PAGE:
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Columns

  • Williamstown end-of-school events highlights dedication to students

    Dear Williamstown Independent Stakeholders,
    Spring has sprung which signifies longer, warmer days and the near end of another school year.   It is amazing how fast the 2016-2017 school year has progressed, which is most likely the direct result of the flurry of activities in our district over the past several months.  
    We are proud of the many individual and group accomplishments by students and staff this school year. From academic, athletic, and extra-curricular achievements, it is definitely an exciting time to be a Williamstown Demon.  

  • Fire restores prairie

    Back in 2007, we installed a five-acre tall grass prairie with assistance from the Kentucky Department of Fish and Wildlife’s Habitat Improvement Program.  Each year they assist a number of landowners in various ways that improve habitat, prevent erosion and protect waterways.  Basically, you do the work but they supply you with the materials needed to get the job done.  

  • Ark Encounter - A positive impact on Grant County

    Since the Ark Encounter’s opening on July 7, 2016, Grant County and northern Kentucky have welcomed hundreds of thousands of people from all over the world.  

  • 2017 KY General Assembly wraps up productive session

    The 2017 regular session of the Kentucky General Assembly ended Thursday evening shortly before midnight after months of work that led to passage of numerous bills that will impact many areas of Kentucky life.

  • Prepare houseplants for outdoors

    I am feeling optimistic about our springtime weather and am as anxious as anyone to move some of my houseplants outdoors: my gardenia looks terrible in the dining room and the jasmine downstairs seems to stare into space dreaming of better days; those days are coming, just be slow about the transition from indoors to out.  

  • Determining the education of our children

    Should a presidential appointee and an army of bureaucrats in a remote office building thousands of miles away decide what values, morals, and ideas to instill in your children? I think not. Of all the harmful things our government in Washington, D.C. does, micromanaging education is perhaps the worst.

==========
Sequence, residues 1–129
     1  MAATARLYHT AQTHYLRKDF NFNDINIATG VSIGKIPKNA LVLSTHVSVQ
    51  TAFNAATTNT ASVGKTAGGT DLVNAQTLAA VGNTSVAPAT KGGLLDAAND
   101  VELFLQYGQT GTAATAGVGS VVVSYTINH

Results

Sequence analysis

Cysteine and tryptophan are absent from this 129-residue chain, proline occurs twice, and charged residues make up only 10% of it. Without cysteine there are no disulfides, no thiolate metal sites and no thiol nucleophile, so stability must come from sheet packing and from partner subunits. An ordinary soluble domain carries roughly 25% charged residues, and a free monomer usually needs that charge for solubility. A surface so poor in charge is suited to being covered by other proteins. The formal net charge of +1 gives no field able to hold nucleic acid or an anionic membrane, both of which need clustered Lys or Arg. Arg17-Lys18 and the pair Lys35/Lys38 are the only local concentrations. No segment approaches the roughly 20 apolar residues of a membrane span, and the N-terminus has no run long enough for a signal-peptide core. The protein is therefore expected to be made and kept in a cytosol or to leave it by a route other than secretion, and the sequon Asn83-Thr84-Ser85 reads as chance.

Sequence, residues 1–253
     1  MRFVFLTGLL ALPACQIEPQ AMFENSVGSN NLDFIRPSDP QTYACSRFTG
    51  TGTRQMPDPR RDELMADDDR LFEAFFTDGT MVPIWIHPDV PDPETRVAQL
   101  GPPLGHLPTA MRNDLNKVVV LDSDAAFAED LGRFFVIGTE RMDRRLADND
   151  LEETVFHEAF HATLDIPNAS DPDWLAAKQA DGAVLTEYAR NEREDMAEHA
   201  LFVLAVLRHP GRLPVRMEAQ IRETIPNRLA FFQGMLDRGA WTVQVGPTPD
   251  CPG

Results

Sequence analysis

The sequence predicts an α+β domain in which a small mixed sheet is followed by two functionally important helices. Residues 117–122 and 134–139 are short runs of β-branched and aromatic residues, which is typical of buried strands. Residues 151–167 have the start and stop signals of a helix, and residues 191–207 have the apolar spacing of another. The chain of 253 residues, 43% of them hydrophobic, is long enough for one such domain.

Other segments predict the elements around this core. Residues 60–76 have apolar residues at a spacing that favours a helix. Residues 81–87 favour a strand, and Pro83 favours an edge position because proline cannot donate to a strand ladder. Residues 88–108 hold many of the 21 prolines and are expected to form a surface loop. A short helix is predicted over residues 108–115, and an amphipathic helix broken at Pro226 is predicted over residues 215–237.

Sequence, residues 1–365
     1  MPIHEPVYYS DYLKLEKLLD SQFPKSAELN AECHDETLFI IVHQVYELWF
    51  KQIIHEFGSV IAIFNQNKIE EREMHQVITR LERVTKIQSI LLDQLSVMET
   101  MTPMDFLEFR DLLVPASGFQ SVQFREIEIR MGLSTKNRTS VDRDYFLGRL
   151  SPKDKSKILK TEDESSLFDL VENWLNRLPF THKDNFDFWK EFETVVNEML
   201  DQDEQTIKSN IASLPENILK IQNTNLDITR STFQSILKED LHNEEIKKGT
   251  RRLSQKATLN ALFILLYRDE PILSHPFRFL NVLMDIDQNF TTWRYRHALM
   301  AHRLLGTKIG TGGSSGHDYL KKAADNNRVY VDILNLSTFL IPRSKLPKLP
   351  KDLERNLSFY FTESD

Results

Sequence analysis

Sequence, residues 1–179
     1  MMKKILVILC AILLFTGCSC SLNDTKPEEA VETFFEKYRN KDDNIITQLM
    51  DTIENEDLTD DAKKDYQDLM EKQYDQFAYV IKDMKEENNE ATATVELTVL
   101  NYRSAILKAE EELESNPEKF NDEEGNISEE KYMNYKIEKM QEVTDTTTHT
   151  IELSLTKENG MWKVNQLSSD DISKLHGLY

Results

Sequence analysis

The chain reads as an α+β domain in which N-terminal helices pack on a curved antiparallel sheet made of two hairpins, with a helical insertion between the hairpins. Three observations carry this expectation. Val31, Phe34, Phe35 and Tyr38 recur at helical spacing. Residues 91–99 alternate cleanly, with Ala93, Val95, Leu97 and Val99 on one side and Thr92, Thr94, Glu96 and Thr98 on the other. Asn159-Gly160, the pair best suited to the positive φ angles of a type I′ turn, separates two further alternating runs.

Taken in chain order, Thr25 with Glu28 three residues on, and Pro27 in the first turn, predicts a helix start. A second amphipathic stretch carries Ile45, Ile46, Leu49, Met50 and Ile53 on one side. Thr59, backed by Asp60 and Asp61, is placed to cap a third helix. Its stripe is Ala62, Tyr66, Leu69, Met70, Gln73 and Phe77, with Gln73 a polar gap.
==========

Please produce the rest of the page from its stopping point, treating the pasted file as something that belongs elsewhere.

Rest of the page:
• Mulch matters

    Mulch has become a landscape staple, almost to a fault when it is over applied, smothering roots and girdling trunks.  When done properly it can help to suppress weeds, retain moisture and moderate temperature.  These things can be achieved using a variety of materials but which type of mulch suits your needs best?

  • Spot seed bare patches

    I do not worry about any perfection in our “lawn” around the house. It largely blends in to the pastures we graze sheep and poultry.  
    However, we do need to spot seed from time to time to recover heavy use areas and round bale feeders.
    The areas we need to address are small areas, otherwise I would be hesitant to do much until late August.

  • Senate passes multiple bills in 2017 session

    Early mornings turned to late nights and spirited debate echoed through the House and Senate chambers as we closed in on the final days of the 2017 Legislative Session in Frankfort.
    A flurry of bills were sent to Gov. Matt Bevin’s desk, highlighted by measures to empower our Kentucky teachers and create better learning environments for our Kentucky students.

  • Getting to the root of Kentucky’s drug problem with Columbia University’s Carl Hart

    Does Kentucky truly have a “heroin epidemic,” or is it something much deeper?
    This controversial question led me to reach out to world-renowned Ivy League drug expert Carl Hart, a professor of psychology and psychiatry at Columbia University. Hart said that despite our society’s perception of drugs like heroin and cocaine, the vast majority of people who use these drugs are responsible and often-times accomplished adults, and that our views and laws should start reflecting this reality.